Derek Markham for CleanTechnica:  The company behind what will be California’s first commercial-scale solar desalination plant is issuing $10 million in preferred stock in the venture, through a state-registered direct public offering (DPO) in California. WaterFX Hydro I, Inc., doing business as HydroRevolution , a California subsidiary of WaterFX™, is offering the shares to finance the construction of a fully solar-powered desalination plant in the Central Valley, which is expected to be able to produce up to 1.6 billion gallons (5000 acre-feet) of water per year, with virtually zero liquid discharge. The HydroRevolution process is said to allow for a 90% recovery rate, with the remaining brine being treated further to isolate the salt and mineral byproducts for industrial applications. Instead of desalinating seawater, as many desalination operations do, this plant will pull water from shallow irrigation water (also called subsurface drainage water) which is produced as a consequence of agriculture, and which has a high salinity content that can be detrimental to freshwater ecosystems. This new plant is a scaled up and expanded version of the company’s demonstration desalination plant.   Cont'd... Full Press Release:

Solar Panels Bring Light To 'Devon Darkness' Ale

Energy monitoring helps match brewery's requirements to ideal solar system.

Five Myths About Solar Power - And The Real Facts

What we are witnessing is in reality a traditional consolidation phase in a new and fledging industry, with winners and losers, and with the surviving players facing a bright and profitable future.

Solar windows can power buildings

By Lucas Mearian for Computerworld:  Manhattan has approximately 47,000 buildings with around 10.7 million windows, according to a 2013estimate from The New York Times. Now imagine if just 1% -- or 100,700 -- of those windows could generate electricity through transparent photovoltaics. That's the idea behind solar power windows, and at least two companies are hoping to sell the technology to window manufacturers, saying once installed in a building the technology will pay for itself in about a year. "If you look at the glass that's manufactured worldwide today, 2% of it is used for solar panels; 80% of it is used in buildings. That's the opportunity," said Suvi Sharma, CEO of solar panel maker Solaria.  Cont'd...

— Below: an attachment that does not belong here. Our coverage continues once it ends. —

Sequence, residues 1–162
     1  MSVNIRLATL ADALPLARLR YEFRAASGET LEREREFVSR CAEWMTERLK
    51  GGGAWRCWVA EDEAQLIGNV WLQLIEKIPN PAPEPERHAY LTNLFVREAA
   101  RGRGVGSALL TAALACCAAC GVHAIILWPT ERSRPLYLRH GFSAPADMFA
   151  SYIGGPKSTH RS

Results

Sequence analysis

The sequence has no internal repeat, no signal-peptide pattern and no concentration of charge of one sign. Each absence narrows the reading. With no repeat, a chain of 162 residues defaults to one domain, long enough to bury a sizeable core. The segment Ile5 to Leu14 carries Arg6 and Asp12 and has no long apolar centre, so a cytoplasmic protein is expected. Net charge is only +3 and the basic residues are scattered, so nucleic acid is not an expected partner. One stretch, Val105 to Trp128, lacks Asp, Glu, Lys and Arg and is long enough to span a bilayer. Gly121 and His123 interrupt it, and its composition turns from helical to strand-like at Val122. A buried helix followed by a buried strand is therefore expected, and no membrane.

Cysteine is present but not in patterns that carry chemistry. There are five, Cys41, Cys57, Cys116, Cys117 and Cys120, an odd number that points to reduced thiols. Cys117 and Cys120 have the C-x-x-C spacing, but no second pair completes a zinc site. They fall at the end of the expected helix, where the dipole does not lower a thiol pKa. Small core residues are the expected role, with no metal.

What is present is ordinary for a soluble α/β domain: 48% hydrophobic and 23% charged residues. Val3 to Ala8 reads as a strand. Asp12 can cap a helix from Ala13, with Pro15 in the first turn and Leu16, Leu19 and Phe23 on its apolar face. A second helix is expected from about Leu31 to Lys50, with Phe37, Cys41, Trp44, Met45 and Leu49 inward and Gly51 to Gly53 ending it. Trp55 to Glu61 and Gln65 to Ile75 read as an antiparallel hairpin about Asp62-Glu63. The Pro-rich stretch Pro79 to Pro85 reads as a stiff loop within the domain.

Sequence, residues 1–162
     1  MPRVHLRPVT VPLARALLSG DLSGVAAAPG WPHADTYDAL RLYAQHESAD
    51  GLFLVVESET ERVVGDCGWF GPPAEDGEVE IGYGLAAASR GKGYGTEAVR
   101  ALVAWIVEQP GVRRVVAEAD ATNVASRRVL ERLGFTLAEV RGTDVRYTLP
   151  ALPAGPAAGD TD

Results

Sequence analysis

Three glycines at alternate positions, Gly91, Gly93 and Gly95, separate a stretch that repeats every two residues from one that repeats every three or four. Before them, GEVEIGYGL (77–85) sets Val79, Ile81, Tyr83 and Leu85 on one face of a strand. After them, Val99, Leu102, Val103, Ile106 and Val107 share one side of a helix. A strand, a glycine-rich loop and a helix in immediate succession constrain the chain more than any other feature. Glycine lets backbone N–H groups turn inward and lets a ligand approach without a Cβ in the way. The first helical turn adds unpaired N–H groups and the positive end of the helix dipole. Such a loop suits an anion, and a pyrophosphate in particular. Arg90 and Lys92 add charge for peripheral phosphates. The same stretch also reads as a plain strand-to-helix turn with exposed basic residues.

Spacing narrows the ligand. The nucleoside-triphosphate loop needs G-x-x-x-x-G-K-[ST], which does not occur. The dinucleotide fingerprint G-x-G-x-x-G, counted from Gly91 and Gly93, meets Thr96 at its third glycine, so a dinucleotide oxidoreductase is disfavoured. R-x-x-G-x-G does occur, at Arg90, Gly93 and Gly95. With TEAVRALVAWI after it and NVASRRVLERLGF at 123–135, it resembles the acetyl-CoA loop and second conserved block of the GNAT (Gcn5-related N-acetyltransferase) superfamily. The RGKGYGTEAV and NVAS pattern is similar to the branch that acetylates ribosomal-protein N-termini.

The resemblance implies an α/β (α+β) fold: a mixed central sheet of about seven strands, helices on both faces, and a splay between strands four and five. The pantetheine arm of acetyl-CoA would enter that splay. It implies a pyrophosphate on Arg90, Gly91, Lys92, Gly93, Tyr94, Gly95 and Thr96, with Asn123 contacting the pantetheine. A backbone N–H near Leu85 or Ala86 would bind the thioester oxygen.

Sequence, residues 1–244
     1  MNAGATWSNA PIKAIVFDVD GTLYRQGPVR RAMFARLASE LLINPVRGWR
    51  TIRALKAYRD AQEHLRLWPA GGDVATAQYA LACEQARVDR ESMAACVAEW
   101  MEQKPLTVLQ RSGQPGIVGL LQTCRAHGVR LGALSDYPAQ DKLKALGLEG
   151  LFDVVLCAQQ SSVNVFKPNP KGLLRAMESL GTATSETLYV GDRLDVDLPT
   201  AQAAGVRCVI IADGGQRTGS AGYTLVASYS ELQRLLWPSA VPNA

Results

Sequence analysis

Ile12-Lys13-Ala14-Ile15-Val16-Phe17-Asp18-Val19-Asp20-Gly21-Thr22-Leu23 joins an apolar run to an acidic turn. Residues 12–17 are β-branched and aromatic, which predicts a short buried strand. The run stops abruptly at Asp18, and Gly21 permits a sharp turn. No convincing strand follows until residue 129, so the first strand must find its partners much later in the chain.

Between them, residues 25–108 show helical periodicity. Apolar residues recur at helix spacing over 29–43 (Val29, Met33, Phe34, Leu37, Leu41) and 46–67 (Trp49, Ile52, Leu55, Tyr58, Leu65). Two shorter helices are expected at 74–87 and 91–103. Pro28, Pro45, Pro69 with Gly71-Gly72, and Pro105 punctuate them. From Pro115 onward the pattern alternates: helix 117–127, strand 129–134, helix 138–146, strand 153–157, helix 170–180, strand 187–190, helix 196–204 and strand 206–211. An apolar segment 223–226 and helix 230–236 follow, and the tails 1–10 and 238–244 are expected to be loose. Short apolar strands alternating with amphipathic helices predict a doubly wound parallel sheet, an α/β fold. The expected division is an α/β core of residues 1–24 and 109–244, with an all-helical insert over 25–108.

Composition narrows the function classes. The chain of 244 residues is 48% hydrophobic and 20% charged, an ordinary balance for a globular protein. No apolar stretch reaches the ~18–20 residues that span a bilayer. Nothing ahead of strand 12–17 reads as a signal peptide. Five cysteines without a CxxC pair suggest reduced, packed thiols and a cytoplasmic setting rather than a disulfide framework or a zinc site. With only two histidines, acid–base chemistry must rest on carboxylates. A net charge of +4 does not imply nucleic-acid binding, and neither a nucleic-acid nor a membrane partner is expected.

Key Challenges Google's Project Sunroof May Face

Whether Google's Project Sunroof will be a hit or a miss, only time will tell. Nevertheless, the technology is brilliant and this move from Google could make this firm a leading one in the global solar industry.

Concentrator Photovoltaics: The Next Step Towards Better Solar Power

By Lauren J. Young for IEEE Spectrum:  Today’s concentrator photovoltaic (CPV) technologies have shown promising potential for more efficient solar power. The latest systems are said to be capable of handling the power of a hundred suns. Yet prototypes have failed to compete with cheaper flat panel solar systems that dominate the market. The U.S. Department of Energy’s Advanced Research Projects Agency (ARPA-E) is determined to push CPV to the next level. On 24 August, at the Clean Energy Summit, U.S. President Barack Obama and Energy Secretary Ernest Monizannounced a program called MOSAIC that will invest $24 million into CPV solar technology development. Why can’t today’s CPV systems compete? The concentrators can only convert direct sunlight into energy, missing out on the large fraction of sunlight diffracted by clouds and the atmosphere. Manufacturing costs of concentrator apparatuses have also prevented CPV from reaching mass production.   Cont'd...

Float Zone Silicon Solar Panels - 60% less expensive and 25% more efficient

By conducting ion implantation with a particle accelerator, Rayton can produce 20 solar panels using 20x less silicon than what is typically used to create just one.

NASA Seeks Proposals for Extreme Environment Solar Arrays

NASA's space technology program is seeking proposals to develop solar array systems for space power in high radiation and low solar energy environments.  In the near future, NASA will need solar cells and arrays for multiple applications in robotic and human space exploration missions. Because these systems were traditionally developed for operation near Earth, there is a need to develop new solar array concepts as NASA considers missions that require exposure to more intense radiation environments and travel ever farther from the sun.  NASA hopes to solicit proposals for the development of promising technologies to increase solar cells that will work under low intensity, low temperature and high radiation environments. Proposals will be accepted from U.S. organizations, including NASA centers and other government agencies, federally funded research and development centers, educational institutions, industry and nonprofit organizations.